The capture of Vicksburg was immediately followed by that of Port Hudson, which was surrendered on the 8th of July to General Banks, together with about seven thousand prisoners, fifty cannon, and a considerable number of small arms. The whole course of the Mississippi, from its source to its mouth, was thus opened, and the Confederacy virtually separated into two parts, neither capable of rendering any effective assistance to the other.
The great victories, by which the Fourth of July had been so signally and so gloriously commemorated, called forth the most enthusiastic rejoicings in every section of the country. Public meetings were held in nearly all the cities and principal towns, at which eloquent speeches and earnest resolutions expressed the joy of the people, and testified their unflinching purpose to prosecute the war until the rebellion should be extinguished. A large concourse of the citizens of Washington, preceded by a band of music, visited the residence of the President, and the members of his Cabinet--giving them, in succession, the honors of a serenade--which the President acknowledged in the following remarks:--
The President, a few days afterwards, wrote to General Grant the following letter:--
These victories, together with others, both numerous and important, which were achieved in other sections of the country, gave such strong grounds of encouragement and hope for the speedy overthrow of the rebellion, that, on the 15th of July, the President issued the following proclamation for a day, of National Thanksgiving:--
In other portions of the field of war, our arms, during the year 1863; had achieved other victories of marked importance which deserve mention, though their relation to the special object of this work is not such as to require them to be described in detail.
After the retreat of the rebel General Lee to the south side of the Rapidan, a considerable portion of his army was detached and sent to re-enforce Bragg, threatened by Rosecrans, at Chattanooga; but, with his numbers thus diminished, Lee assumed a threatening attitude against Meade, and turning his left flank, forced him to fall back to the line of Bull Run. Several sharp skirmishes occurred during these operations, in which both sides sustained considerable losses, but no substantial advantage was gained by the rebels, and by the 1st of November they had resumed their original position on the south side of the Rapidan.
After the battle of Murfreesboro', and the occupation of that place by our troops, on the 5th of January, 1863, the enemy took position at Shelbyville and Tullahoma, and the winter and spring were passed in raids and unimportant skirmishes. In June, while General Grant was besieging Vicksburg, information reached the Government which led to the belief that a portion of Bragg's army had been sent to the relief of that place; and General Rosecrans was urged to take advantage of this division of the rebel forces and drive them back into Georgia, so as completely to deliver East Tennessee from the rebel armies. He was told that General Burnside would move from Kentucky in aid of this movement. General Rosecrans, however, deemed his forces unequal to such an enterprise; but, receiving re-enforcements, he commenced on the 25th of June a forward movement upon the enemy, strongly intrenched at Tullahoma, with his main force near Shelbyville. Deceiving the rebel General by a movement upon his left flank, Rosecrans threw the main body of his army upon the enemy's right, which he turned so completely that Bragg abandoned his position, and fell back rapidly, and in confusion, to Bridgeport, Alabama, being pursued as far as practicable by our forces. General Burnside had been ordered to connect himself with Rosecrans, but had failed to do so. Bragg continued his retreat across the Cumberland Mountain and the Tennessee River, and took post at Chattanooga, whither he was pursued by Rosecrans, who reached the Tennessee on the 20th of August, and on the 21st commenced shelling Chattanooga and making preparation for throwing his army across the river. A reconnoissance, made by General Crittenden on the 9th of September, disclosed the fact that the rebels had abandoned the position, which was immediately occupied by our forces, who pushed forward towards the South. Indications that the rebel General was receiving heavy re-enforcements and manœuvring to turn the right of our army, led to a concentration of all our available forces; but, notwithstanding all this, on the 19th of September, General Rosecrans was attacked by the rebel forces--their main force being directed against his left wing, under General Thomas, endeavoring to turn it so as to gain the road to Chattanooga. The attack was renewed the next morning, and with temporary success--Longstreet's Corps, which had been brought down from the Army of Virginia, having reached the field and poured its massive columns through a gap left in the centre of our line by an unfortunate misapprehension of an order; but the opportune arrival and swift energy of General Granger checked his advance, and the desperate valor of Thomas and his troops repulsed every subsequent attempt of the enemy to carry the position. Our losses, in this series of engagements, were sixteen hundred and forty-four killed, nine thousand two hundred and sixty-two wounded, and four thousand eight hundred and forty-five missing--a total swelled by the estimated losses of our cavalry to about sixteen thousand three hundred and fifty-one. The rebel General immediately sent Longstreet against Burnside, who was at Knoxville, while he established his main force again in the neighborhood of Chattanooga. In October, General Rosecrans was superseded by General Grant. On November 23d, having been re-enforced by General Sherman from Vicksburg, General Grant moved his army to the attack, and on the 25th the whole of the range of heights known as Missionary Ridge, held by Bragg, was carried by our troops after a desperate struggle, and the enemy completely routed. This was a very severe engagement, and our loss was estimated at about four thousand. Generals Thomas and Hooker pushed the rebel forces back into Georgia, and Granger and Sherman were sent into East Tennessee to relieve Burnside, and raise the siege of Knoxville, which was pressed by Longstreet, who, failing in this attempt, soon after retreated towards Virginia.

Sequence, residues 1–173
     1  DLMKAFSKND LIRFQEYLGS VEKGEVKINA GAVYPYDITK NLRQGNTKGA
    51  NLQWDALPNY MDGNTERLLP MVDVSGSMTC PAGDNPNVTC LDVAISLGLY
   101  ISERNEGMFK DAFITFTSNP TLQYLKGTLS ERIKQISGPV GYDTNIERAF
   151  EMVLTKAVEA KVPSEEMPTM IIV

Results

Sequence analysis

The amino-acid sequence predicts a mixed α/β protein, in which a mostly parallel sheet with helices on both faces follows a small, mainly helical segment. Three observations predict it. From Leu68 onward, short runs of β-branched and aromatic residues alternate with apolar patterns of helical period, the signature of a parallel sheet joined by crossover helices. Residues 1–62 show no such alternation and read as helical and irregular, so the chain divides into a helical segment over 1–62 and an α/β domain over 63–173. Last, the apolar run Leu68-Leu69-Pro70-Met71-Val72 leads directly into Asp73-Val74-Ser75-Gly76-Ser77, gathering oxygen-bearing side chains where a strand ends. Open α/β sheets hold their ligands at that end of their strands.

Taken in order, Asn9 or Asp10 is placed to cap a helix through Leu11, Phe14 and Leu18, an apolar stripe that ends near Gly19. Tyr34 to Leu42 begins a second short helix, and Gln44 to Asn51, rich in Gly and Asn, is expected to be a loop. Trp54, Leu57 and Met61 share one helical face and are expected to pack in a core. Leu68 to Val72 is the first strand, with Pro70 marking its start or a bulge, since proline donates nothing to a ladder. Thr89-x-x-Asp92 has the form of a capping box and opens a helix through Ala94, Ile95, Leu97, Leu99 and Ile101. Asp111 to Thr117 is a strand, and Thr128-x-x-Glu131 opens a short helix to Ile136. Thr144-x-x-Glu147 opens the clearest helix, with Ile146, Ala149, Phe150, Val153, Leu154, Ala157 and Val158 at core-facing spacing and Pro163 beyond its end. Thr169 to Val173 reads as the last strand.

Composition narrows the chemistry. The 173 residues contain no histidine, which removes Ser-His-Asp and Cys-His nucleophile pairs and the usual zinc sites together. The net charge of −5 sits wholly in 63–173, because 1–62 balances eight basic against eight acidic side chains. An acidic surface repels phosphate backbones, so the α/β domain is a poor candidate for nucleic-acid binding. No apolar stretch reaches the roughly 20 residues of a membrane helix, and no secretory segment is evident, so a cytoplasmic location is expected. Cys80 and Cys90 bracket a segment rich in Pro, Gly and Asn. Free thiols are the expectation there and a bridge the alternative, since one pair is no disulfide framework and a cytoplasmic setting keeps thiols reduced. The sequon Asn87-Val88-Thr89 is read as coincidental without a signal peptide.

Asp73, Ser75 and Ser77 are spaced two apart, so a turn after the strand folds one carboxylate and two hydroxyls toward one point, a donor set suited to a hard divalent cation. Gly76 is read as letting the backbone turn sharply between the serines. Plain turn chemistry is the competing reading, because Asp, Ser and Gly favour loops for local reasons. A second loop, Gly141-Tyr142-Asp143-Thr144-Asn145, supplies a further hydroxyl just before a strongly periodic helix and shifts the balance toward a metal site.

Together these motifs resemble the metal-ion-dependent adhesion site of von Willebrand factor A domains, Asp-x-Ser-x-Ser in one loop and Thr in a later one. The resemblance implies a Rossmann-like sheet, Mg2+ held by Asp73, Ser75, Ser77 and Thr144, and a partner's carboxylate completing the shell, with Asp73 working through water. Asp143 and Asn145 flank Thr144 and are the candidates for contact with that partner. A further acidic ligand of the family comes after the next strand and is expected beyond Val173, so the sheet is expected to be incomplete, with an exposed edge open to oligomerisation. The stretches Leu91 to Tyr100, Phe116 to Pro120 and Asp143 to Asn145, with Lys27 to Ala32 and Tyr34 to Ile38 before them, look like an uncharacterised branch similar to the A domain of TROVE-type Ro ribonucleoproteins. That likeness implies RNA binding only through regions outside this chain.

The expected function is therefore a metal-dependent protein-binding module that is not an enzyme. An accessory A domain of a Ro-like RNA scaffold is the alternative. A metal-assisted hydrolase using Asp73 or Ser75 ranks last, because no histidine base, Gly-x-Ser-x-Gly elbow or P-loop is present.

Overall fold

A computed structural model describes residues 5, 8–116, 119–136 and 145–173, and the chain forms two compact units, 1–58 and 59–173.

Upon receiving intelligence of these movements the President issued the following recommendation:--
On the 3d of October, the President had issued the following proclamation, recommending the observance of the last Thursday of November as a day of Thanksgiving:--